South Africa will likely not be able to prevent the exponential spread of Covid-19, with the full sweep of the disease to probably hit the country later this year.
And although South Africa acted much earlier than other nations in identifying the virus and implementing measures to halt its spread, it has only bought the country time to prepare for what scientists are calling “almost inevitable”: a dramatic rise in infections.
This is according to Professor Salim Abdool Karim, the chairperson of Health Minister Zweli Mkhize’s Covid-19 advisory group, who addressed a media briefing alongside other scientists on Monday night. It was the first briefing with the country’s top scientists since the coronavirus was first reported in South Africa on 5 March.
Karim was joined by among others Professor Glenda Gray, the chairperson of the Medical Research Council, Professor Koleka Mlisana, a microbiologist from the University of KwaZulu-Natal, and Professor Brian Williams, an epidemiologist formerly with the World Health Organisation.
“What we have managed to do, is delay an exponential curve,” Karim said. “It is a difficult truth, but can we avoid the exponential spread? No… unless we have a mojo that other countries don’t have.”
He also explained:
- The lockdown could not be ended too abruptly, as we risk squandering gains made in the past few weeks and returning to an exponential rise in cases.
- A decision on a further lockdown extension would be informed by the rate of spread seen in average new daily cases between 10 and 16 April, which they were 95% sure would remain between 40 and 80 cases. Above 90 cases a day calculated over a week would result in a lockdown extension.
- Cases reported as confirmed today, were actually an infection that took place two weeks ago and infected persons are contagious days before they show symptoms.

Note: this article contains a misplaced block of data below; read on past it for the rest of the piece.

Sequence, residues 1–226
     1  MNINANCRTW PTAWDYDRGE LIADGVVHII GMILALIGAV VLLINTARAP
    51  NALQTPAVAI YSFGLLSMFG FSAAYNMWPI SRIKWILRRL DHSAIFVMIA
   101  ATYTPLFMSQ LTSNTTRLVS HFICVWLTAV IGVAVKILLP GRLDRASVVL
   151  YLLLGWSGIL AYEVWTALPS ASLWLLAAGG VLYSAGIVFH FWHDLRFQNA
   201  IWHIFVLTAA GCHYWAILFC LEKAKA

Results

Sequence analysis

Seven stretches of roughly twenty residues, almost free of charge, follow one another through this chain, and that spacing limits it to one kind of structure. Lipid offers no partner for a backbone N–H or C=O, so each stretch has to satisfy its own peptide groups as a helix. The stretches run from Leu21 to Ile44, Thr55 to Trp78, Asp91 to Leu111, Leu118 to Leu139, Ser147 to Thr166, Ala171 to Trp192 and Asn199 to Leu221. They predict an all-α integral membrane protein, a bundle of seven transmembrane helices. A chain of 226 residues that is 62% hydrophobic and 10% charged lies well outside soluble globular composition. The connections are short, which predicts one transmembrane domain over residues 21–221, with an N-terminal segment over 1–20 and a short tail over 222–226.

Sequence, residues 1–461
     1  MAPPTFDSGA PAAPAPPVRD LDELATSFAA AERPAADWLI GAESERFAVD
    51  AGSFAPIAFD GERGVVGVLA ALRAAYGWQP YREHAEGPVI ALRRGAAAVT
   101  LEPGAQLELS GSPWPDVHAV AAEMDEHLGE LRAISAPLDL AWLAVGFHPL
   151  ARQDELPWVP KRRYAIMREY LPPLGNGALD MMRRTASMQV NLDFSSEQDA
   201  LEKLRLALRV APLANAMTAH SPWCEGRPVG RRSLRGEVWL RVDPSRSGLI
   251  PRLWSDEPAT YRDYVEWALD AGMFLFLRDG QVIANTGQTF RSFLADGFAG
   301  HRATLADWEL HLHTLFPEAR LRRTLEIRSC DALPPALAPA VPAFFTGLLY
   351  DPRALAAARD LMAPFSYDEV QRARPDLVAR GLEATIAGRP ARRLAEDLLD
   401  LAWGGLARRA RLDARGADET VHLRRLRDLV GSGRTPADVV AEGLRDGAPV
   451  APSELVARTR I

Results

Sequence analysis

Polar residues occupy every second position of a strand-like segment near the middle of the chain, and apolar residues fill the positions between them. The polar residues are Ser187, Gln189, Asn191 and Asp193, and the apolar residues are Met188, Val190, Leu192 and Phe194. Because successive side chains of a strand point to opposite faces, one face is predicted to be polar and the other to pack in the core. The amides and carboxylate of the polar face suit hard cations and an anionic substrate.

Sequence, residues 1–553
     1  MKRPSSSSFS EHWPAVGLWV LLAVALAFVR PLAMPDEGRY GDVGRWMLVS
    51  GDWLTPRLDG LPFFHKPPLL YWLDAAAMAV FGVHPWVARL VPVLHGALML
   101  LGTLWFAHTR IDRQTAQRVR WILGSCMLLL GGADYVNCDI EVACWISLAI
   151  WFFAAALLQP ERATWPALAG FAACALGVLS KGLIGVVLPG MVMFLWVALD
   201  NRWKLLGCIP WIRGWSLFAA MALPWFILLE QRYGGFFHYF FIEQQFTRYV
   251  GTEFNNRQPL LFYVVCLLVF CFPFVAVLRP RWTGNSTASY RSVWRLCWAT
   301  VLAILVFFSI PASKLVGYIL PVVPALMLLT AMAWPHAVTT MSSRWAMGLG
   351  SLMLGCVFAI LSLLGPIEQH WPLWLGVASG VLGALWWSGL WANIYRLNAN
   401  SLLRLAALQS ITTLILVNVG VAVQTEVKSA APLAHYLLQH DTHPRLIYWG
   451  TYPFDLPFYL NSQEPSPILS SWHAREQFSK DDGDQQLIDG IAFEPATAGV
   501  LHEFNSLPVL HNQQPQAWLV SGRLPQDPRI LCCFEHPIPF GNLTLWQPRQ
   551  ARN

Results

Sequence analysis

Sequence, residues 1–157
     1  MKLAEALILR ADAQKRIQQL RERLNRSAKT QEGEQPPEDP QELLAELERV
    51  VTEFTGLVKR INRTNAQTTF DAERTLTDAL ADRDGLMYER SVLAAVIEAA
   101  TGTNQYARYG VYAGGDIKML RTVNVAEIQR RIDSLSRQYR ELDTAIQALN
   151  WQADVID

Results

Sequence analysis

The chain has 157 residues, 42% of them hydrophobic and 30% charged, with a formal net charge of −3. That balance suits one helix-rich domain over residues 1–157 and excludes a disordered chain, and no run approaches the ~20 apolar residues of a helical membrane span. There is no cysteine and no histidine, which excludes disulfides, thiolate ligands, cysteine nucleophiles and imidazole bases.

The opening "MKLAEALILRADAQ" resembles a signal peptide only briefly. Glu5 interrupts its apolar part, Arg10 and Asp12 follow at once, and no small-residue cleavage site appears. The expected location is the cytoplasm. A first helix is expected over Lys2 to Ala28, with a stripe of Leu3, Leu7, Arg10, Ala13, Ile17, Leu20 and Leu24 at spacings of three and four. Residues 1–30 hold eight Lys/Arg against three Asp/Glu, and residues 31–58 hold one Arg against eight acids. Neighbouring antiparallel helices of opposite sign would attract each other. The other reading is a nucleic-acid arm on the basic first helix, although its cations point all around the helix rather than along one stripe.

- Plans were being developed for a systematic end to the lockdown, which would focus on not placing high-risk people in close contact with low-risk people.
- Testing criteria, restricted to people only with certain symptoms, has been widened in the past few weeks to pick up more cases, together with a significant increase in testing capacity.
- Major concern rested on Johannesburg, Cape Town and eThekwini (Durban), where a large outbreak was most likely to occur due to dense population numbers.
News24 reported on Sunday that government projections, presented to the Parliamentary health portfolio committee showed this peak infection scenario had been pushed back to September.
“No one in the world has encountered this virus. We have no immunity, no vaccine, no treatment. We are all at risk.
“As soon as the opportunity arises for this virus to spread, it will go back to the exponential curve,” Karim said.
Importantly, lockdown and other initial measures had bought valuable time to prepare and attempt to contain hotspots.
Karim, a world-renowned figure in the field of HIV research and epidemiology, is the chairperson of a Ministerial Advisory Committee (MAC) made up of more than 20 professors, doctors and scientists who advise Mkhize and the National Command Council chaired by President Cyril Ramaphosa.